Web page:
REVIEW – inXile surprised pretty much everyone with Wasteland 2 last year on PC, especially after the successful Kickstarter campaign. This game can easily be labeled as a modern age retro Fallout. If you have played the first two games of that franchise, you know what to expect in this game, which is now available on the PS4 too in the Director’s Cut form!
Let’s be honest: if Interplay wouldn’t have made Wasteland in 1998, then Fallout wouldn’t have been developed nine years later either. And now, Brian Fargo, the founder of Interplay and now inXile Entertainment, has come home with his latest work, Wasteland 2. Don’t expect a first person
shooter this time around, you seriously have to be on your tactical edge, and to be honest, beginners will definitely find themselves hard pressed to play in the early hours.
Why do I say tactics? Well, Wasteland 2 is a flat-out strategy game, when it comes to combat. Where to move? Where to attack from? Who to attack? Is our gun jammed and it needs to be fixed? You do have to spread these attack points (APs) out perfectly to succeed. You can see something similar in XCOM: Enemy Unknown, so if you know that system, you will be mostly okay with this one.
However, if your characters are out of health, you better quickly get to them to help, or they are gone forever and you will be screwed. Director’s Cut brings in a new addition into combat called Precision Strikes, where you can attack certain body parts and maybe even earn a stun, or maybe even a broken armor on the enemy! It’s similar from Fallout, isn’t it?
The game will punish beginners, but slowly, you can get the hang of the combat, learning to control the grid maps, and then, kills will come at your way: learning how to spread out your team, to put a sniper here, to put your medic there, and so forth. But for impatient players, be warned: the battles are slow, this will take time.
Between the missions, two dangers will be present on the map: radiation and dehydration – the former can be avoided by finding a suit, and the other thing can be fixed by finding some oasises. OF course, these two can wear your characters down, so make sure to treat these!
Although it’s not really that important because of the isometric view, you can still create your character and of course, customize the looks as well – hair colour, body type, head, and so forth, the usual thing. You can make four of them to create your team, and they can even have their own background story, if you wish.
If you are impatient, you can even pick premade characters, but even then, you should consider making your own guys and gals, especially because of the new addition, the quirks. There’s even one of them that can be considered as a Russian Roulette – your character can plonk out a quite powerful lightning bolt. The problem is, it can hit anyone.
If it hits an enemy, you’re good, and if it hits a team mate, then several thousands of Volts are served to the wrong person, lol.
The story is playing in an alternative history, where Arizona and another certain area in the United States will be the places we’re in… after a nuclear holocaust that happens in 1998. After the Texas and Arizona Rangers (insert obligatory Chuck Norris joke here), Desert Rangers is getting formed to help the humanity.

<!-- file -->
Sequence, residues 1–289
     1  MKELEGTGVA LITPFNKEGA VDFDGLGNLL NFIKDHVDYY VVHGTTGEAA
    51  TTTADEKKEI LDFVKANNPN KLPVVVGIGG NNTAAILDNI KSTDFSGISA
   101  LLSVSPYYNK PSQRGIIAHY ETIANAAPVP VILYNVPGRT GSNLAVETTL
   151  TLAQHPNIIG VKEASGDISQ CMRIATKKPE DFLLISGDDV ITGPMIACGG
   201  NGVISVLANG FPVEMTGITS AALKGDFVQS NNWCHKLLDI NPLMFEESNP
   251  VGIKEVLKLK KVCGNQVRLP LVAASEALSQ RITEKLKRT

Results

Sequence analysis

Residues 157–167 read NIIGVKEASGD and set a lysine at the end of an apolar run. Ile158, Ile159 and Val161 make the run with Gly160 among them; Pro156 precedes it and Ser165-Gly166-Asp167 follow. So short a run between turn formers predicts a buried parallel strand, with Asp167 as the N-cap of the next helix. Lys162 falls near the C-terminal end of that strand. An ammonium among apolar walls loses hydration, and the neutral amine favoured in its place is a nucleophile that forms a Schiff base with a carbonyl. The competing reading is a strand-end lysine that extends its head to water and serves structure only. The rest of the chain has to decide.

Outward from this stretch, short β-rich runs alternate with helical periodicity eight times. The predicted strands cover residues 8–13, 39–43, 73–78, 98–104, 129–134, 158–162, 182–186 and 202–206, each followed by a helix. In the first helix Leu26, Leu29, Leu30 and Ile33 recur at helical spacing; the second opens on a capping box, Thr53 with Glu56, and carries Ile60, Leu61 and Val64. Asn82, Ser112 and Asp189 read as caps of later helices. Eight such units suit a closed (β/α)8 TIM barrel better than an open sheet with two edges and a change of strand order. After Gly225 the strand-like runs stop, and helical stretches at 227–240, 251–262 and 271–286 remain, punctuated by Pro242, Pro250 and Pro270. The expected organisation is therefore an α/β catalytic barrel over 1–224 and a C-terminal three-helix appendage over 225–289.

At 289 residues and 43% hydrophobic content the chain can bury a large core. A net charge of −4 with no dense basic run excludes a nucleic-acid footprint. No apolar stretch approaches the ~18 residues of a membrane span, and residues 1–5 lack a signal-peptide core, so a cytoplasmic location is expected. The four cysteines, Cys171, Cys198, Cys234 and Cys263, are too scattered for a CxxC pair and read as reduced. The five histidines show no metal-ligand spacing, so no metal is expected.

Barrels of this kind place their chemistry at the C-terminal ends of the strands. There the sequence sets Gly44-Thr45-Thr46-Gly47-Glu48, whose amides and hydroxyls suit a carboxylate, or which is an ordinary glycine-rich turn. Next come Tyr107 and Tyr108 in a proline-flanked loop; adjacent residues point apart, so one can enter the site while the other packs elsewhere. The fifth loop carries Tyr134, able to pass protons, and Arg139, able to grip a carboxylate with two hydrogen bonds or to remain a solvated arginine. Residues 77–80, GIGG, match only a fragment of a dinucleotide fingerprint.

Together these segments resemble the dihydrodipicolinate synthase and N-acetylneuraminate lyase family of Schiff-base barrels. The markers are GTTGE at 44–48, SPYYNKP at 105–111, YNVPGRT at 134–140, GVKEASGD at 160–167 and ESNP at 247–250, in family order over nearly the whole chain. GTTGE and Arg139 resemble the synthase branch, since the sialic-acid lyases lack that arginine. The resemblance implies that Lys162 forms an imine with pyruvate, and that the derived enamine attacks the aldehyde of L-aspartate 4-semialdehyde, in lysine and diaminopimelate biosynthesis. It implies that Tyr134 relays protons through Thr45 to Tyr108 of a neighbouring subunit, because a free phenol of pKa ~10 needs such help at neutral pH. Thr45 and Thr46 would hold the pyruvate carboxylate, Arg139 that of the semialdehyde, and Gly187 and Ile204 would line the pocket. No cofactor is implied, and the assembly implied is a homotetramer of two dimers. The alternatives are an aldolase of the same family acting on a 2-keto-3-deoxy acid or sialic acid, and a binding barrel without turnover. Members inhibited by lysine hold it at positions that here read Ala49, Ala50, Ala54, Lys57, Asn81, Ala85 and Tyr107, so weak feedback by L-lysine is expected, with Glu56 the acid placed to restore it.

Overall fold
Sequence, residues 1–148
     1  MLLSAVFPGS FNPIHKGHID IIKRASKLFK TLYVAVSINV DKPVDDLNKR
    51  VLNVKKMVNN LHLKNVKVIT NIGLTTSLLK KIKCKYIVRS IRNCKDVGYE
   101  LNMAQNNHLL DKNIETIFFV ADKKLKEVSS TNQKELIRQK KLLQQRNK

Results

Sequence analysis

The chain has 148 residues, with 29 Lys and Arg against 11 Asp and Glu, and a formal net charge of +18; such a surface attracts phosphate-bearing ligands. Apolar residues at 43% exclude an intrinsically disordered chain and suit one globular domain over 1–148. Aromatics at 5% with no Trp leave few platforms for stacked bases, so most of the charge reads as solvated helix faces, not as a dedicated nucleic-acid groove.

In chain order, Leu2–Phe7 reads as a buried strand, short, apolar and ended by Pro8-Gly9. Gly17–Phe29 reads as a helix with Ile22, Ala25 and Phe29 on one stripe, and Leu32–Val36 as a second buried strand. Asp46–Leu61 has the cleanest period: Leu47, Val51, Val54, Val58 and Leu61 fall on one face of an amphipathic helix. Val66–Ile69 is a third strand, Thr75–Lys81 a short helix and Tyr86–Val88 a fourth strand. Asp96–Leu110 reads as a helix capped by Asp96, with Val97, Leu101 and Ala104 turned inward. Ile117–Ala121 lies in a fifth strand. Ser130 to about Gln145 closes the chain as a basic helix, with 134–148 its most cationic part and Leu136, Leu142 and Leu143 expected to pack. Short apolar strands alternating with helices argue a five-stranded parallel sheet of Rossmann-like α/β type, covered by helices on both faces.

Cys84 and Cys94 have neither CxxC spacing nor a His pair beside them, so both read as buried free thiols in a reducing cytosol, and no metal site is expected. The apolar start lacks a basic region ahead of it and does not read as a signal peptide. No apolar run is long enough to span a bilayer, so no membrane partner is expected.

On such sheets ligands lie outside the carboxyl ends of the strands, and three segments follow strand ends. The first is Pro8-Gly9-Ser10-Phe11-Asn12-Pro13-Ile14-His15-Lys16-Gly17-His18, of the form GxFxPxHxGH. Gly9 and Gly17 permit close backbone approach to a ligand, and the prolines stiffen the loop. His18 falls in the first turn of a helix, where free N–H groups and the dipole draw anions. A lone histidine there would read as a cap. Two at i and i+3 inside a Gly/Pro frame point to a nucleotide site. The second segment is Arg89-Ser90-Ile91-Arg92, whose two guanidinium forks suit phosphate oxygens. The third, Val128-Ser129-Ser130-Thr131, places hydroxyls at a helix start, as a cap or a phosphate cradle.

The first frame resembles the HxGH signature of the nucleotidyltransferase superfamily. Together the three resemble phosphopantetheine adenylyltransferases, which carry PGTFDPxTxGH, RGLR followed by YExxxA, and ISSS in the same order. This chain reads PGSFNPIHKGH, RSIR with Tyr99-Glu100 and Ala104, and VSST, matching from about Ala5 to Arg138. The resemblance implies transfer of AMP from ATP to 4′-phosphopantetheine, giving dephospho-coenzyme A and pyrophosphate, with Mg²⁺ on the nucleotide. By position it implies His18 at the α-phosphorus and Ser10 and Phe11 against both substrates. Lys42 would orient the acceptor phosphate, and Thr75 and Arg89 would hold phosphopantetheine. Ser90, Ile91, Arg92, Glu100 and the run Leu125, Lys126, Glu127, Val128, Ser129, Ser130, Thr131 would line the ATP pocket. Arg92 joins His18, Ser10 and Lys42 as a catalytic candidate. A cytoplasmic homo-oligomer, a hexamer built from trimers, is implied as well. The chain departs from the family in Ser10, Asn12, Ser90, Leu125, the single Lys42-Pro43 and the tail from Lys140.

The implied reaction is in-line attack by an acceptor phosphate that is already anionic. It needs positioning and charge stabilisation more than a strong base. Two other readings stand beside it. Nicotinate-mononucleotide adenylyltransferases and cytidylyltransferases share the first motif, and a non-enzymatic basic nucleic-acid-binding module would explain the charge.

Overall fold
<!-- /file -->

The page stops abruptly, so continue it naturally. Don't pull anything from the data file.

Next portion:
We’re 15 years after the happenings of the first Wasteland game. The protagonist of that game, Ace gets killed and a new team (this would be us) has to find out who’s behind this, while also having to find out the meaning of this: man and machine becoming one. To get to that point, you’ll need eh… roughly 35 hous, and I’m not exaggarating. By the end of the game, you will also find out who triggered the nuclear war as well!
Graphically, the game isn’t that powerful, although the Director’s Cut version has replaced the 4.5 Unity engine with an up-to-date 5 one. I can forgive that, because this game isn’t meant to be a great looking title: we’re in a decaying, post-apocalyptic United States, and for that, it looks okay. But still, I found the game having some framerate issues at a few locations. It can be a bit annoying. For the audio, there were over 8000 new lines recorded for the DC version, and the voice acting is really good. I swear we could keep listening to just the audio for several hours! Nicely done.
Why doesn’t this game get a 9/10?
I honestly don’t want to use a magnifying glass to read the text. At some points, they are so goddamn small, it’s ridiculous! These should be resized, because it can hurt the experience and the ambience as well. Also, the AI seems to have some pathfinding issues. I totally needed to get used to this, because it was somewhat annoying. However, the menus and the interface are okay – and are developed further compared to the original. Still, it’s not good enough to save the game from an 8 rating and these flaws make the game not recommended for everyone.
Still worth a shot!
Wasteland 2 is not an easy game, but it revives a genre now on consoles too. Thinking. A post-apocalyptic strategy with a ton of strategy involved with a nice story, decent audio and with a slightly outdated visuals. There is no multiplayer, but you might get hooked on this genre by the time you finish the game. Porting the games successfully to the consoles with a nicely done button mapping and the lengthy, enjoyable campaign might convince unsure players to grab Wasteland 2: Director’s Cut…
+ Improved in every possible way compared to the original version
+ Not an easy AND not a short game
+ A brave, bold move: it brought a genre into this generation which requires thinking
– Small fonts
– AI and pathfinding: they don’t always mix!
– Graphically a bit outdated, plus it’s lagging at some points
Publisher: Deep Silver
Developer: inXile Entertainment
Genre: Turn-based strategic RPG
Relase date: 13/16 October, 2015 (US/EU, PS4)